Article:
Editing Webpage HTML for Better SEO

html edit website codingWith so many people online, most businesses have invested in a web presence. Usually they start with cheap, reliable web building options such as Wix and WordPress. A big advantage of these sites is WYSIWYG (“What You See Is What You Get”—pronounced “wizzy-wig”) webpage editing. Using pre-formatted templates and a simple editor, casual internet users can edit their HTML to produce a professional website.

WYSIWYG vs. HTML

WYSIWYG editing is great for people who don’t want or need to understand HTML, Java, PHP, or any other scripting language. Instead of needing to understand code, WYSIWYG shows the webpage in its finished appearance while it’s being edited. This hides the formatting tags that run in the background and aren’t visible to the end user.

Here, for example, is a section from this post, showing the HTML tags surrounding hyperlinks. There are other tags for justified text, line returns, bold or italic font, and so on. There are other codes defining the font, the color, images, and how the page responds on different screens or devices.

Making HTML changes

Most HTML coding required for a basic website is updated automatically through WYSIWYG editors. That doesn’t mean you shouldn’t learn how to work with basic HTML yourself. In a website’s script you’ll find HTML header, title, and metadata tags in the code at the top of a webpage. In WordPress, this can be located in the Appearance > Editor section, in a box called header.php.

Some of this information is automatically populated when you create a new page or post. However some of it is left blank and without it, search engines can’t properly index your site.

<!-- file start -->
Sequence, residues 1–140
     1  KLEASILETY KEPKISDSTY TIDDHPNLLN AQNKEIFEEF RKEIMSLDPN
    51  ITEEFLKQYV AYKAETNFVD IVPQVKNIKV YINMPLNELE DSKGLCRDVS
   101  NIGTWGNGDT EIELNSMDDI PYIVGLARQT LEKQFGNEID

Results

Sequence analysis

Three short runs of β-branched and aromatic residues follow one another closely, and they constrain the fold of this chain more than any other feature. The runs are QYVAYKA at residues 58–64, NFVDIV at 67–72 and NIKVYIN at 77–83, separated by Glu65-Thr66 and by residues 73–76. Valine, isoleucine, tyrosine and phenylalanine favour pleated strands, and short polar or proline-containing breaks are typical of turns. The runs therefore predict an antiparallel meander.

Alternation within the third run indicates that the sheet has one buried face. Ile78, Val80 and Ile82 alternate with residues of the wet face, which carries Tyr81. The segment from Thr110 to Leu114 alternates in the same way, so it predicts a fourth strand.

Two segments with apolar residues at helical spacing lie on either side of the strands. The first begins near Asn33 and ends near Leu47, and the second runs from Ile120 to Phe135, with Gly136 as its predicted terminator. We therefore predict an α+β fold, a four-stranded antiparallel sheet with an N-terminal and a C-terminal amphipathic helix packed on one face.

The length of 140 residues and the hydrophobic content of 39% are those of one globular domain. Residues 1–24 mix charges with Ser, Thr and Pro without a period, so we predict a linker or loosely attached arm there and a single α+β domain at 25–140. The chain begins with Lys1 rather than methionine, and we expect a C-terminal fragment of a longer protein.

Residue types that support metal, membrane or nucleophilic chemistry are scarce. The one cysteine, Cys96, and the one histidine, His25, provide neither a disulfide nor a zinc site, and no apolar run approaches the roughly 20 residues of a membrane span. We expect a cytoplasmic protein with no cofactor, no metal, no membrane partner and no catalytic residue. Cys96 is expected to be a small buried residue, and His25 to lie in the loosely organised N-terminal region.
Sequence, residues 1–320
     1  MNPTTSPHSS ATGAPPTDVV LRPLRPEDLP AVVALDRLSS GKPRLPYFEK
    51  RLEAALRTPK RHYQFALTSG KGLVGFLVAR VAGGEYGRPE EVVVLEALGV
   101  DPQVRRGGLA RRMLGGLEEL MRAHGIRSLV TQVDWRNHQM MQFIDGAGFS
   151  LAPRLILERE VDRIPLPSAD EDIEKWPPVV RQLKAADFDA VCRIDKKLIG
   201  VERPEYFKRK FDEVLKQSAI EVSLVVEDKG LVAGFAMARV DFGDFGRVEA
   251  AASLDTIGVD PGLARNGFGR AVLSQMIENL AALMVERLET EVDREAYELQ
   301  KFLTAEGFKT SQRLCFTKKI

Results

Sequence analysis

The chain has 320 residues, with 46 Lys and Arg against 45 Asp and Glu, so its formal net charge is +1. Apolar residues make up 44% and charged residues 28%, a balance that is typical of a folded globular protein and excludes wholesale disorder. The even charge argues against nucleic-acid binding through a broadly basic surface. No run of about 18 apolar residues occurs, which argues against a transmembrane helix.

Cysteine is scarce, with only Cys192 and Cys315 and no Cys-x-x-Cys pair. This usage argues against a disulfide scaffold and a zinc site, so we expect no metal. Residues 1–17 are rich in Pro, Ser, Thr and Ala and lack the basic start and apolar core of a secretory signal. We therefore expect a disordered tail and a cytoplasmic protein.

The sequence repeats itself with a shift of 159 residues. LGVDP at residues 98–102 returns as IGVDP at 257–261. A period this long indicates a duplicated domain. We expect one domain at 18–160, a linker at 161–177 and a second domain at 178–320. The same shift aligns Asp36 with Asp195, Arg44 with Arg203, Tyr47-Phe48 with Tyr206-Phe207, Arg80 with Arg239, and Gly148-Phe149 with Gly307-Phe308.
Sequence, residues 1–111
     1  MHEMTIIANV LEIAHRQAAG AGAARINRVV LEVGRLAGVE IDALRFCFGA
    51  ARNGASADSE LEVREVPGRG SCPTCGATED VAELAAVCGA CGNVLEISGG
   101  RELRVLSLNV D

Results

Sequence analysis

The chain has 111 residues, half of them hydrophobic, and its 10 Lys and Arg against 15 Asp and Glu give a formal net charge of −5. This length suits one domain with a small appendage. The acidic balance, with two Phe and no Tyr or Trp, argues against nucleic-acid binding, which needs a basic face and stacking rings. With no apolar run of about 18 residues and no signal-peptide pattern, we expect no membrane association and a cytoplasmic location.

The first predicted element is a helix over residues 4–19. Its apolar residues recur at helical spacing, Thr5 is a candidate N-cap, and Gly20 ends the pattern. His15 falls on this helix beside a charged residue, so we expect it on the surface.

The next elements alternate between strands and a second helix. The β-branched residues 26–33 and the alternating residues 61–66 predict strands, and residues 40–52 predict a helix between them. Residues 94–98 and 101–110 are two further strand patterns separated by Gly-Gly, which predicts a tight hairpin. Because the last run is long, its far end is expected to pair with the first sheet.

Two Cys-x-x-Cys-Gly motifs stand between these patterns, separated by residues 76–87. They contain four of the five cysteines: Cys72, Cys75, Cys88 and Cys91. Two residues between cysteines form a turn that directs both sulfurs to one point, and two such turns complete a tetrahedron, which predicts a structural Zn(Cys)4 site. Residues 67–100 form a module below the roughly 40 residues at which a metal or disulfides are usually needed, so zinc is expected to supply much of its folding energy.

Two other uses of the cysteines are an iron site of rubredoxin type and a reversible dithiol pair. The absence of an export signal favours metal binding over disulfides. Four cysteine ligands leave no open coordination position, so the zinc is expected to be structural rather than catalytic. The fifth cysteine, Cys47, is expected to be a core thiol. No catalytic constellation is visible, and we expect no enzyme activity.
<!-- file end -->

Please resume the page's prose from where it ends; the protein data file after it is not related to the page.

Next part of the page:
Title tags tell the search engine what the title of the page is. Page names should be unique, and descriptive: Page 21 isn’t as useful as Contact Us. For the most part, title tags automatically update when you name the webpage. You can also check what your title is by looking at the header and amending it if it isn’t clear.

Under the title tag, you can add a description (a meta tag) which outlines the page’s contents. The meta information appears on search engine results like Google’s as a sentence or two under the hyperlinked website title. Without a meta description, the search engine will pull a couple of sentences from somewhere on the website, which might be relevant or might not. By putting a brief, concise description into the header, you instantly make your site look more professional and accessible in search engine results, as well as provides additional space for including keywords that will attract more search engine traffic.

Less is more

It’s tempting to include a lot of keywords in title and content tags, but remember that although end users don’t see them, search engines do, and their software is designed to weed out unscrupulous websites. Lists of unconnected keywords are a red flag to crawler bots, and hurt your search engine results. Focus instead on including keywords in organic, relevant content in order to see the best results.

Conclusion

While most website builders have done away with the necessity to understand code in order to produce a professional-looking site, harnessing the basics can pay dividends in improving your SEO. If you’re not sure how to start, pick a plan and let TechTe.am’s friendly experts help.

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